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Anti-Proposition 76 rally set

for Matador Bookstore Lawn

A rally against Proposition 76, one of several initiatives on the Nov. 8 California special election ballot, will be held on the Matador Bookstore Lawn today from 11:45 a.m. – 2 p.m. Students, faculty and staff who are against the proposition will be given a chance to address publicly what they say are the negative consequences of its potential passage. Associated Students Student Productions and Campus Entertainment, the California Faculty Association and two A.S. directors helped coordinate the event, which will feature live music and free food. The initiative also looks to cap state spending and change the amount of money guaranteed to public education. The proposition would also give the California governor the authority to cut funding for state programs midyear if the state is in a fiscal crisis. The booths and tents that are set up will be used to give out information in regards to Proposition 76, said Bryson White, director of political awareness for A.S. Toward the end of the event, there will be political poetry when people can go up and share what comments they have, White said. “There (will) also be an open mic session for people to talk about the proposition and show what the repercussions are if people vote yes on it.” Latin alternative band Locos Por Juana, who is in town for an appearance at the Latin Grammys will perform at the event, which White said should hopefully draw people over to the bookstore area. “What I’m looking forward to the most in this coming event is seeing the whole campus come together against this proposition, and seeing the campus make sure that our voices are heard in helping to make a difference,” he said. “I’m really looking forward to the unity that our community will have (today).”

– Mark Solleza

AISA to show documentary for

Indigenous Awareness Month

The American Indian Student Association and the American Indian Studies Program continues its presentation of the sixth annual Indigenous Awareness Month with the screening of “Snowball Effect,” a documentary by Klee Benally about the Snowbowl Ski Resort development on the San Francisco Peaks, a mountain in Northern Arizona that is held sacred by more than 13 tribal nations. The film, which will screen at 11 a.m. in Jerome Richfield Hall 319, documents how the development would further desecrate the sacred site, increase threats to endangered species and cause environmental destruction, according to the filmmaker. The month’s activities will continue Nov. 8 with two events: The first will welcome Jimi Castillo, spiritual leader of the Gabrielino Tongva Nation, who will be on campus to present information regarding the tribes’ struggles in the Los Angeles area. The event will begin at 4 p.m. in the University Student Union Pasadena Room. At 5 p.m. in the same location, the AISA’s Potluck Gathering will take place, which will primarily be an opportunity for students and members of the community to gain greater awareness of CSUN’s American Indian Studies Program. There will also be a drum group on hand to perform as well as a special recognition award given to Barbara Rhodes of the Pan-African Studies Department for her commitment to education at CSUN.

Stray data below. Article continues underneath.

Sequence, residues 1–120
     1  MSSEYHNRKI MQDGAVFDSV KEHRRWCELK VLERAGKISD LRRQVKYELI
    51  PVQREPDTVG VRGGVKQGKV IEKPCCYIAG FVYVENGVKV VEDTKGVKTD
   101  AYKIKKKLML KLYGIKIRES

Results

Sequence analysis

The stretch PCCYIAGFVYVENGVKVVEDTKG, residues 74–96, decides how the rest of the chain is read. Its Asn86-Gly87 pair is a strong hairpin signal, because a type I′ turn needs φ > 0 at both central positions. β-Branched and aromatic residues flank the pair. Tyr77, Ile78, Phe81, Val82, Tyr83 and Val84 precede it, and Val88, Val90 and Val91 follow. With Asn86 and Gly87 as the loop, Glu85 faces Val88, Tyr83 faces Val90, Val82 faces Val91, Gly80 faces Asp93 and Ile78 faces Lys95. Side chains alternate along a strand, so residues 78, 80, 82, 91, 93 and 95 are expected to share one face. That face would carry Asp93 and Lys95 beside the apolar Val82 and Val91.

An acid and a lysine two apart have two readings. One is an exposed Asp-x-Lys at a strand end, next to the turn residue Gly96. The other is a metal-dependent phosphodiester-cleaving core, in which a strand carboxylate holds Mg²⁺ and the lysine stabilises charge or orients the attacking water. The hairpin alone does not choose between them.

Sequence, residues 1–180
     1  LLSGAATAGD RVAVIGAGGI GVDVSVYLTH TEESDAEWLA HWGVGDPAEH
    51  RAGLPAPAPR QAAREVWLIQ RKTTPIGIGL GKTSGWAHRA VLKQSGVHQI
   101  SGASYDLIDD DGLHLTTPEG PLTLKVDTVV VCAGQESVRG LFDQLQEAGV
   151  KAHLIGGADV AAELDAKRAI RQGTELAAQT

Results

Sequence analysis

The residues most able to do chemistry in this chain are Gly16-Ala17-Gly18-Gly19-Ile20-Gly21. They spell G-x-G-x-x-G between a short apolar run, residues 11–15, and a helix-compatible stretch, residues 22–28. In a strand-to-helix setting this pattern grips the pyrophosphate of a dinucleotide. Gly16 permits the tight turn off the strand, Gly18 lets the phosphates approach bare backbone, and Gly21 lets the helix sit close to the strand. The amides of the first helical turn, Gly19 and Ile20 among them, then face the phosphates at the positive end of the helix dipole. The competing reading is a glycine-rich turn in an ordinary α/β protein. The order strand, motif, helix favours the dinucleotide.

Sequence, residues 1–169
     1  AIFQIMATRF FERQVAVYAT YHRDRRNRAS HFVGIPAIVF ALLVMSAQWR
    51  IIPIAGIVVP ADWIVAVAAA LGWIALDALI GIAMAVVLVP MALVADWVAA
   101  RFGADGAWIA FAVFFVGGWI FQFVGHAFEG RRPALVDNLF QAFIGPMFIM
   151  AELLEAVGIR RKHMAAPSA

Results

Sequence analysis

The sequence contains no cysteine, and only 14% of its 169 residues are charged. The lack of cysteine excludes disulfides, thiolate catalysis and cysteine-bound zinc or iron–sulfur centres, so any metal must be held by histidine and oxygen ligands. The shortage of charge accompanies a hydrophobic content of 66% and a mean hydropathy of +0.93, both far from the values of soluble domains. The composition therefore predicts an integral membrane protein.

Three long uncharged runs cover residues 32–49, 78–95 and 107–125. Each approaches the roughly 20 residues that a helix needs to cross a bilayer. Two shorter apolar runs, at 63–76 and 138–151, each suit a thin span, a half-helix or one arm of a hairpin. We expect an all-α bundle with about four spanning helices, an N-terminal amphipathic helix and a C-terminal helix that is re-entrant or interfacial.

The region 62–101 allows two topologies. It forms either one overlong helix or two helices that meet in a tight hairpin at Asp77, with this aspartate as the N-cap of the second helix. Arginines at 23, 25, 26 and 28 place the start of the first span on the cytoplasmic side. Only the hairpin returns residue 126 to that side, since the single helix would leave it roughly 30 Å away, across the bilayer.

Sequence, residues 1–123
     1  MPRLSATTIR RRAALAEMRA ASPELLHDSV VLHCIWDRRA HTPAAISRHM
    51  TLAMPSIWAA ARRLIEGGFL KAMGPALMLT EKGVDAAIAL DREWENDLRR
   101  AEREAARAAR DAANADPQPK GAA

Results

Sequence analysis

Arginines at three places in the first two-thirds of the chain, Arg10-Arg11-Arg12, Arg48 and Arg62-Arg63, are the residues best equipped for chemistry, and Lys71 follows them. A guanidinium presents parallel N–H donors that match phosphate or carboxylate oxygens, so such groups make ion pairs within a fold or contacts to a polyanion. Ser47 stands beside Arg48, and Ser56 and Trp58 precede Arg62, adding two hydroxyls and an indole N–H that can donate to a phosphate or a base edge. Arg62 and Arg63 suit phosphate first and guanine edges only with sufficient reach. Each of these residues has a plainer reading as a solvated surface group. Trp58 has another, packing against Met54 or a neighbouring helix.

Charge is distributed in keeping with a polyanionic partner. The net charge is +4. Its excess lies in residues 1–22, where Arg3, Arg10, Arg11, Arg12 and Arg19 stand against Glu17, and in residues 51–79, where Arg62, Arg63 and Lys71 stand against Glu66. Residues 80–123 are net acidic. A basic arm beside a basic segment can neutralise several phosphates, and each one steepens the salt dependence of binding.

– Ryan Denham

Student Outreach services keep

‘Ask the Matador’ site going

The Student Outreach and Recruitment Services website will continue to feature its link “Ask the Matador” to attract new CSUN students. Users can type in a question that he or she needs to know, such as how to be admitted into CSUN or what sort of majors are offered, and the website will generate an answer that could best serve the user’s needs. According to Marieanne Quiroz, coordinator of information resources for SORS, the link has been around for about a year. The website was launched last February in an effort to get prospective students interested in CSUN. “Ask the Matador” was sponsored by Hobsons Global Careers and Educations services. “Our department developed and created the answers found in ‘Ask the Matador’ when you type in a question,” she said. “I think it’s great because it allows people to have access to our services 24 hours a day, seven days a week.”

– M.S.